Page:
The Knight Arts Challenge has named 36 individuals and organizations that will split $2.7 million in grants. Most of it will go to Philadelphia's most prominent arts organizations.

Whereas most granting foundations dole out money to long-established cultural institutions, the Knight Challenge was designed to give money to anyone with a good idea, potentially putting cash into the hands of individuals. But the recipients are, by and large, the usual suspects--including the Philadelphia Orchestra, the Mural Arts Program, and the Barnes Foundation.

One of the smaller recipients is Tiny Dynamite, a Philadelphia theater troupe that will use a $25,000 grant to create a theater series called "A Play, A Pie, A Pint," based on a Scottish theater movement of staging one-act plays in bars where patrons get a pizza, a beer, and a show.

"It was established as lunchtime theater," said co-founder Emma Gibson. "The Brits are known for their lunchtime drinking, and we didn't know that that would work so much over here. So we're planning to do just two nights a week."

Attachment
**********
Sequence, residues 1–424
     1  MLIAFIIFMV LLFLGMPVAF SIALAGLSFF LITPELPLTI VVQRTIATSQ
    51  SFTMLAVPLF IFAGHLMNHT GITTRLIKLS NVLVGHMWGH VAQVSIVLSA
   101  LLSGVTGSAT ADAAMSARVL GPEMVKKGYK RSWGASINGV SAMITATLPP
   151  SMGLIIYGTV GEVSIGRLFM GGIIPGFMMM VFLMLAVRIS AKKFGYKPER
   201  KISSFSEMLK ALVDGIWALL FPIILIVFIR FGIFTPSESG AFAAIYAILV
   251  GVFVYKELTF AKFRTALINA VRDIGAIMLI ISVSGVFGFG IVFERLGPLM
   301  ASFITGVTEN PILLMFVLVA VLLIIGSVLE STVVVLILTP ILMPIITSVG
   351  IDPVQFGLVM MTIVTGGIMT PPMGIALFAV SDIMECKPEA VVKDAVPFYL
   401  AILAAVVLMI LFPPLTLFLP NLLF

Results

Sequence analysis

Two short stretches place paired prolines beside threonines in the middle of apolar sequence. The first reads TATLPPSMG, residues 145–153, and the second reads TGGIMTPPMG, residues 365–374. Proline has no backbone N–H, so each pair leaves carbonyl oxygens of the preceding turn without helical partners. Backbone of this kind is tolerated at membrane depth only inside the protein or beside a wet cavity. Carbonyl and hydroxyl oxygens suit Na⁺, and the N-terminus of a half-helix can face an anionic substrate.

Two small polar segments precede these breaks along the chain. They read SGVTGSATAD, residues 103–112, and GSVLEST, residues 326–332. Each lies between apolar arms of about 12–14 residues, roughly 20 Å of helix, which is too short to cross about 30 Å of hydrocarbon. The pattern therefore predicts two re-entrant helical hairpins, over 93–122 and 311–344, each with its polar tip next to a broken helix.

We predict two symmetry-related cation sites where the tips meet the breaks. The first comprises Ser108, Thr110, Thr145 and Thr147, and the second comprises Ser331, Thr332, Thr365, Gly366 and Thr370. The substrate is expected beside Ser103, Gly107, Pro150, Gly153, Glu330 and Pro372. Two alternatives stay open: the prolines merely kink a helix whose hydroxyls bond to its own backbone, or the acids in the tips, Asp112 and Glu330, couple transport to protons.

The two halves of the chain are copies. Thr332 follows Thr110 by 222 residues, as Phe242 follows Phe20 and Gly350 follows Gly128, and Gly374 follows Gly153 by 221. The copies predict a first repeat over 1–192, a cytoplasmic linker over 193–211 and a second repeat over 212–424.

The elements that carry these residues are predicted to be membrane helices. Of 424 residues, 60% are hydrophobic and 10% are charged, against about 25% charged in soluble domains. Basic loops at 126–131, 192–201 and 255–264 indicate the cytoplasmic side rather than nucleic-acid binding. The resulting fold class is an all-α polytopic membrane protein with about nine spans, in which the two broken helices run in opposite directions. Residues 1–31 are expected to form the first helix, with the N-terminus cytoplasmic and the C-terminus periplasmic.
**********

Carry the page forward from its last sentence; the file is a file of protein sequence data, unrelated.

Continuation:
Another recipient is Darla Jackson, a sculptor who, with her husband, will use a $20,000 grant to open a sculpture gym. That will be a place where dues-paying members will have access to heavy equipment such as band saws, drill presses, and welders.

The terms of the Knight Challenge require recipients to match the funds.

"We are definitely scared because we never had to raise money on this level before," said Jackson. "Starting a new business, that's scary. But it's kind of a positive fear, if that makes sense."

The three-year Knight Challenge will ultimately grant $9 million to Philadelphia recipients.